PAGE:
BACKGROUND: uveitis in herpes simplex virus (HSV) ocular disease is usually associated with corneal stromal disease. It has generally been believed that herpetic uveitis in the absence of corneal disease is very rare. When seen it is usually attributed to varicella zoster virus (VZV) infections. The diagnosis of uveitis caused by herpes simplex is often not diagnosed resulting in inadequate treatment and a poor visual result. methods: Seven patients from a large uveitis practice who presented with a clinical picture of: anterior uveitis and sectoral iris atrophy without keratitis, a syndrome highly suggestive of herpetic infection, are reported. polymerase chain reaction (PCR) was done in the aqueous of four of them and was positive for HSV. One patient had bilateral disease. Most of the patients also had severe secondary glaucoma. RESULTS: Of the seven patients presented five had no history of any previous corneal disease. Two had a history of previous dendritic keratitis which was not active at the time of uveitis development. One patient with bilateral disease was immunosuppressed at the time when the uveitis developed. Six of the seven patients had elevated intraocular pressures at the time of uveitis and five required glaucoma surgery. Intractable glaucoma developed in two patients leading to rapid and severe visual loss despite aggressive management. CONCLUSION: Findings suggest that uveitis without corneal involvement may be a more frequent manifestation of ocular herpes simplex disease than previously thought. Absence of corneal involvement delays a correct diagnosis and may worsen visual outcome. Primary herpetic uveitis (when there is no history of previous corneal disease) seems to be more severe than the uveitis in patients with previous corneal recurrences. The associated glaucoma may be a devastating complication. ( info)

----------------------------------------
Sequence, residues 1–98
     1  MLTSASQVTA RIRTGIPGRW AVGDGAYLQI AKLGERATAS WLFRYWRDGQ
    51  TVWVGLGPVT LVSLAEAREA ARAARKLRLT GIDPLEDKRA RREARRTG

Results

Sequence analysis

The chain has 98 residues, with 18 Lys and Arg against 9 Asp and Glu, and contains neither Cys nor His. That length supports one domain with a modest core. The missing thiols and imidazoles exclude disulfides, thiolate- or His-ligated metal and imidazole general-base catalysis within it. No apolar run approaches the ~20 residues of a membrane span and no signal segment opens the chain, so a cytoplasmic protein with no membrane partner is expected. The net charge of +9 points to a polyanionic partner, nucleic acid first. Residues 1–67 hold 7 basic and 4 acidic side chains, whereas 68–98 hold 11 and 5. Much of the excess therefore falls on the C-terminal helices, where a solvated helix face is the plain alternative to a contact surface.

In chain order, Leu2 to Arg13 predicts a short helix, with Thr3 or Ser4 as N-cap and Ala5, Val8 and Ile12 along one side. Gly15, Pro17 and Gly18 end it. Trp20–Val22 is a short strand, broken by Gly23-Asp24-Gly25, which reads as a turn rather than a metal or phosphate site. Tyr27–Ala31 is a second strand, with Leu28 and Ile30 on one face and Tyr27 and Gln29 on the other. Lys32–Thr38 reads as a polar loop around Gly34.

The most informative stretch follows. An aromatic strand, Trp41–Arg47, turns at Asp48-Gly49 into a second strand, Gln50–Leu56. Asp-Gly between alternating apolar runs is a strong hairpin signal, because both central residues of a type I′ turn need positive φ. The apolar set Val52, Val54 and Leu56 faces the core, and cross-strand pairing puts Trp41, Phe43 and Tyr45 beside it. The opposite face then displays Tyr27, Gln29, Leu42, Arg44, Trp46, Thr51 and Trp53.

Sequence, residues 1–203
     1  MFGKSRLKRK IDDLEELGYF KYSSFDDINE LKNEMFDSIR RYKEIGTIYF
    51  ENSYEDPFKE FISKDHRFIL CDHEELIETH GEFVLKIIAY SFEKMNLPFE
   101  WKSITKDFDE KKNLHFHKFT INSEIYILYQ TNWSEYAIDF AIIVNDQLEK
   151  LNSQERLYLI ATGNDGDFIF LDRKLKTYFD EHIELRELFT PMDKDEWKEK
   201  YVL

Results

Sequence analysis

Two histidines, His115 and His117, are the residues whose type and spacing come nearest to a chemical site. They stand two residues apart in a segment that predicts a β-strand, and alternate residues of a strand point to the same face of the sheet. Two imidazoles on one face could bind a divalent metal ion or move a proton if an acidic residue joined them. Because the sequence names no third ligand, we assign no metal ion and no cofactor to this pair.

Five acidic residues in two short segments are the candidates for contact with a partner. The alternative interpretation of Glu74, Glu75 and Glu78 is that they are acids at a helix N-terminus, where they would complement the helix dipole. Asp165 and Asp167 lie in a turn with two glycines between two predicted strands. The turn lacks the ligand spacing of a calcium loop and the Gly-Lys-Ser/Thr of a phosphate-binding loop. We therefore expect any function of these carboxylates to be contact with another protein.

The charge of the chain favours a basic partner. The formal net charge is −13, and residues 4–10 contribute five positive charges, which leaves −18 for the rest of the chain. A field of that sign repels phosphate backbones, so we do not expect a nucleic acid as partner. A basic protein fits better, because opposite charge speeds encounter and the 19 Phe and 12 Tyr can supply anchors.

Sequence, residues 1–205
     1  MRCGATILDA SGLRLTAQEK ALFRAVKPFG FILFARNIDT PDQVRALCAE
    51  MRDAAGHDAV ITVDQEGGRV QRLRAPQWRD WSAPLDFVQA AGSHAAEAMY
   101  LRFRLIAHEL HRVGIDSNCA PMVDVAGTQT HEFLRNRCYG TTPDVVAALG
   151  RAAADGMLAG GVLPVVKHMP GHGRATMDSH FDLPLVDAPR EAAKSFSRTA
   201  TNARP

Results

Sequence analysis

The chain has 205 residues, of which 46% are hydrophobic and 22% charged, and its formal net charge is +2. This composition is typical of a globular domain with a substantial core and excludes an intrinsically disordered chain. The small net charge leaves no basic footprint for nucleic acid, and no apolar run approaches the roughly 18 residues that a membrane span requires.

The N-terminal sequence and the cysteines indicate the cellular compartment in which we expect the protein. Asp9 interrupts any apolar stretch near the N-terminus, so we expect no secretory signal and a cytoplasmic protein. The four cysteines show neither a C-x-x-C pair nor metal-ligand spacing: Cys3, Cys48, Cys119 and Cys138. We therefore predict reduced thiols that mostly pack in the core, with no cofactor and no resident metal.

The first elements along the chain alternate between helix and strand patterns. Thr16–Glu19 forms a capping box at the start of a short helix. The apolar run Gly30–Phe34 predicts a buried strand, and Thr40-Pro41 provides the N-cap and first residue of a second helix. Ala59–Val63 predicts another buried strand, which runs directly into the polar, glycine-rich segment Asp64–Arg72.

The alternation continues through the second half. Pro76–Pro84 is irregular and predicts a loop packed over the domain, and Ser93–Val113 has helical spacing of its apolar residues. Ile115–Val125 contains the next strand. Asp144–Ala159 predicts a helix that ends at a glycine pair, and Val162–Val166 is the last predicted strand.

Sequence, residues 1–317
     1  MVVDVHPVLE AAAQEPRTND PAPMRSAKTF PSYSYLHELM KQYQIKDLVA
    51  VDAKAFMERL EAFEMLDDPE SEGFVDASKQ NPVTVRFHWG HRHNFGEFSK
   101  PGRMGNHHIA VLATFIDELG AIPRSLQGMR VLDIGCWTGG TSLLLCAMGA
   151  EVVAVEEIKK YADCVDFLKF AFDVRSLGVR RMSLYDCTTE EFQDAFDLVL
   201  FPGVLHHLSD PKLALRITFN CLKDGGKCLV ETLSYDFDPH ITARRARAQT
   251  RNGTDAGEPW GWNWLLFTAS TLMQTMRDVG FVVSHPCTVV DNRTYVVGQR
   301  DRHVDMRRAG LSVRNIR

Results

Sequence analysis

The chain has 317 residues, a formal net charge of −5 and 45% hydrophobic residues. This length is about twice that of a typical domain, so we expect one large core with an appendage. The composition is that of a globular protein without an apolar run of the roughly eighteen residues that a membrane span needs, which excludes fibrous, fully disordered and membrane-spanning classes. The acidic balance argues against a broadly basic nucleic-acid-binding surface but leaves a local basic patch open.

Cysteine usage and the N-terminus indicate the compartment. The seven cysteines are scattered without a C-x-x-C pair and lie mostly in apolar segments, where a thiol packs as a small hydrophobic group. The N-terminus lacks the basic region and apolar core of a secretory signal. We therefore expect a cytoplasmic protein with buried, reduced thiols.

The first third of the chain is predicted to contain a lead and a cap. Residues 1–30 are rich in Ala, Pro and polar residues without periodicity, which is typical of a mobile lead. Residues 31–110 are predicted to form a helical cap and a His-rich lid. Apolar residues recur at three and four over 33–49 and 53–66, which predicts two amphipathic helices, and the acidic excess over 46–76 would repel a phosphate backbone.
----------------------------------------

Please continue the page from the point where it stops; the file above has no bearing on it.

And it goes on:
10/125. Topical tacrolimus ointment for treatment of refractory anterior segment inflammatory disorders.

    PURPOSE: To report 4 cases of patients treated with topical tacrolimus ointment 0.03% for ocular inflammatory conditions refractory to traditional treatment. methods: Four patients were treated topically with tacrolimus 0.03% ointment twice daily: 2 patients with blepharokeratoconjunctivitis, 1 patient with severe atopic keratoconjunctivitis, and 1 patient with chronic follicular conjunctivitis. RESULTS: Three patients had a dramatic improvement of their ocular condition as early as 2 weeks after starting tacrolimus ointment. One patient developed a herpes simplex virus dendrite after 1 week of tacrolimus use. CONCLUSION: tacrolimus ointment appears to be an effective alternative for certain ocular inflammatory conditions refractory to traditional treatments. There may be an increased risk of herpes simplex virus keratitis associated with topical use. Our results support previous literature of patients benefiting from topical tacrolimus use. ( info)